CJA Glossary

Glossary

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A
acquit To find not guilty.
affidavit A written statement made under oath.
affirmative defense A defense such as insanity, self-defense, entrapment, necessity, duress, etc. If proved by the defendant, it makes the defendant not guilty of the crime even if the prosecution can prove the elements of the crime.
age of majority The age a person is considered an adult for legal purposes.
aggravated assault According to the UCR, an unlawful attack by one person upon another for the purpose of inflicting severe or aggravated bodily injury. Normally committed with a weapon.
appeal A request that an appellate court review a decision of a lower court.
appellate court A court that hears appeals; it is not a trial court. An appeals court.
attorney A lawyer; legal counsel; attorney at law. A person authorized to practice law.
attorney at law See attorney.
arraignment A court hearing in which the defendant must enter a plea, e.g., guilty or not guilty.
arrest To take a person into custody for the purpose of charging the person with a crime.
arrestee The person arrested.
arson According to the UCR, any willful or malicious burning of another’s property.
assault Technically, the immediate threat of attacking someone, but usually it means a physical attack on another person. See battery.
assault with a deadly weapon The crime of attacking someone with a weapon that could cause fatal injuries. See aggravated assault.


B
bail A pretrial procedure permitting an arrested person to stay out of jail by depositing a set amount of money as security that the person will show up for trial.
bailiff A police officer assigned to the courtroom to keep order.
battery The illegal touching of another person, usually an attack. When used in “assault and battery,” the assault is the threat of attack and the battery the physical attack itself.
bench The judge’s desk in the courtroom.
bench trial A trial held before a judge alone without a jury.
bill of attainder A legislative enactment that punishes a person in place of a trial. Banned by the U.S. Constitution.
Bill of Rights The first 10 amendments to the U.S. Constitution, which describe the rights and protections guaranteed to each citizen.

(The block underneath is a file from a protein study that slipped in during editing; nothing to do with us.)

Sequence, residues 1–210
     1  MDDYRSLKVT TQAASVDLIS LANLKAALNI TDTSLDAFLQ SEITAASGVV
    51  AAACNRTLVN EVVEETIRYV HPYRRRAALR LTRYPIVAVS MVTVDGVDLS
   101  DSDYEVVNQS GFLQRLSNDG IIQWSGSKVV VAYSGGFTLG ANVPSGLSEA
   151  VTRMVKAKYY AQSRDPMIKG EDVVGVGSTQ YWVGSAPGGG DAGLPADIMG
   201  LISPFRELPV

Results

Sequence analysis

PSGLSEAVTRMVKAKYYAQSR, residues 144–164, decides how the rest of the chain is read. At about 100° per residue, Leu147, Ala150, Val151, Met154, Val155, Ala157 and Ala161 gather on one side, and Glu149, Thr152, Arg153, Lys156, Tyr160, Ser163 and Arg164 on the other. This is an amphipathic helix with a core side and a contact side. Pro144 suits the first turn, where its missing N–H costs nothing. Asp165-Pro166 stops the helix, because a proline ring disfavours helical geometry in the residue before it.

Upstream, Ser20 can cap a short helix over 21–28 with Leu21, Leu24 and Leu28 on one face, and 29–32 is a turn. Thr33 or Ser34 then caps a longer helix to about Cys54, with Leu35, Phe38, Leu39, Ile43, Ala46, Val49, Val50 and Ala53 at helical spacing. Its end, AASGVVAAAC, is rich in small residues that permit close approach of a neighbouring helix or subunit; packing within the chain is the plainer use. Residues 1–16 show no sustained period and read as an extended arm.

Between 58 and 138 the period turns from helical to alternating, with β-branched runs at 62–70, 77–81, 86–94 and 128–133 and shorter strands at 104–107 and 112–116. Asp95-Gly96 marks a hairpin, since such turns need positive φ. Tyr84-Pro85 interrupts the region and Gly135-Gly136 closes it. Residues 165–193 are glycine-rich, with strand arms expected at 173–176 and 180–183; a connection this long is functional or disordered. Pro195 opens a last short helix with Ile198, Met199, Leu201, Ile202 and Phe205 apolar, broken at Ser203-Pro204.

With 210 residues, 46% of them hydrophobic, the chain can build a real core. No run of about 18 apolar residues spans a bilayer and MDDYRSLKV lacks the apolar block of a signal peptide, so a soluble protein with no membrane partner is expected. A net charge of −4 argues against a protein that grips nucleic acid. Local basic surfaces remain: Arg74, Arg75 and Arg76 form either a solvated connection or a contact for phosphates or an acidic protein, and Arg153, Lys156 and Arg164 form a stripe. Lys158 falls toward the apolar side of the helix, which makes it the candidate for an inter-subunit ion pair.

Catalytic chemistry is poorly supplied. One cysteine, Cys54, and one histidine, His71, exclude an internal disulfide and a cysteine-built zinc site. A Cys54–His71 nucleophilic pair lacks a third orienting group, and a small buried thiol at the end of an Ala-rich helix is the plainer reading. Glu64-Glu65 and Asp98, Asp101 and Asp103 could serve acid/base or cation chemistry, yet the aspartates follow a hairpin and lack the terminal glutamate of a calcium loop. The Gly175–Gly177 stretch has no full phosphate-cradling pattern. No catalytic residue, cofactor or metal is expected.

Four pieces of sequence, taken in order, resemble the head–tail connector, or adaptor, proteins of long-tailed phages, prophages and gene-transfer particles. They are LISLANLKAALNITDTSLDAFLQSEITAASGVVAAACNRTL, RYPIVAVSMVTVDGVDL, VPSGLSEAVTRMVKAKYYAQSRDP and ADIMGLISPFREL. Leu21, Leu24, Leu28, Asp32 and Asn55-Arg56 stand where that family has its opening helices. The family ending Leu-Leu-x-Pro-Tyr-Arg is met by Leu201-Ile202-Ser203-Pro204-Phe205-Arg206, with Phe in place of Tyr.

booking The official process of recording the arrest, which may include taking fingerprints and photographs of the accused.
bunco A con game; a swindle.
burglary The illegal entry into any building with the intent to commit a crime, such as theft.
Bureau of Justice Statistics An agency of the Department of Justice that collects crime-related statistics.
burden of proof The responsibility of proving facts in a case. In a criminal trial, the prosecution has the burden of proving its case beyond a reasonable doubt.


C
capital crime A crime punishable by death or life imprisonment.
capital punishment The death penalty.
case in chief One side’s trial evidence. In a criminal trial, the prosecution presents its evidence first. After it rests its case, the defense presents its evidence.
case law Law made by judges interpreting constitutions, statutes, and other case law.
citizen review boards An official group, staffed by ordinary citizens, authorized to review complaints of police misconduct.
civil case A lawsuit between individuals or organizations, which normally seeks monetary compensation for damages.
civil court A court that handles civil cases.
civilian review boards See citizen review boards.
commissioner An attorney who acts as a judge.
common law (1) the unwritten law in England that evolved over centuries and is the basis for U.S. law. (2) Case law in the United States as opposed to statutory law.
community policing A type of policing that stresses community interaction with the police. Also called community-based policing or community-oriented policing.
corrections The part of the criminal justice system that deals with convicted criminals; it includes jails, prisons, parole, and probation.
crime An illegal act punishable upon conviction in a court.
crime rate The amount of crime per so many people in the population.
criminal lawyer A prosecutor or defense attorney.
criminal negligence Doing an act with an extreme lack of care for the consequences. It is a state of mind requirement for certain crimes, e.g., involuntary manslaughter.
criminal procedure The rules for processing someone through the criminal justice system.
criminology The study of crime.
cross-examination The questioning of an opponent’s witnesses at trial.


D
deadly force Force that poses a high risk of death or serious injury to its human target.
death row A separate section of a prison reserved for inmates awaiting execution.
defendant The accused in a criminal trial.
defense attorney The attorney for the accused.
delinquent act In most states, this means an act that if done by an adult would be a crime. Some states, however, also include status offenses as delinquent acts.
determinate sentence A prison sentence for a specific length of time, e.g., five years. A fixed sentence.
deterrence The idea that fear of punishment will prevent crimes. For example, some people might be deterred from robbing banks because they know that bank robbers go to jail.
direct examination An attorney’s initial questioning of his or her own witness.
discretion The power to choose.
discretionary jurisdiction The power of some appeals courts, such as the U.S. Supreme Court, to accept or refuse to hear particular appeals. See writ of certiorari.
driving under the influence (DUI) The crime of operating a motor vehicle while under the influence of drugs or alcohol.
due process In the Fifth and 14th amendments, the basic requirement that no person can be deprived of life, liberty, or property without fair procedures.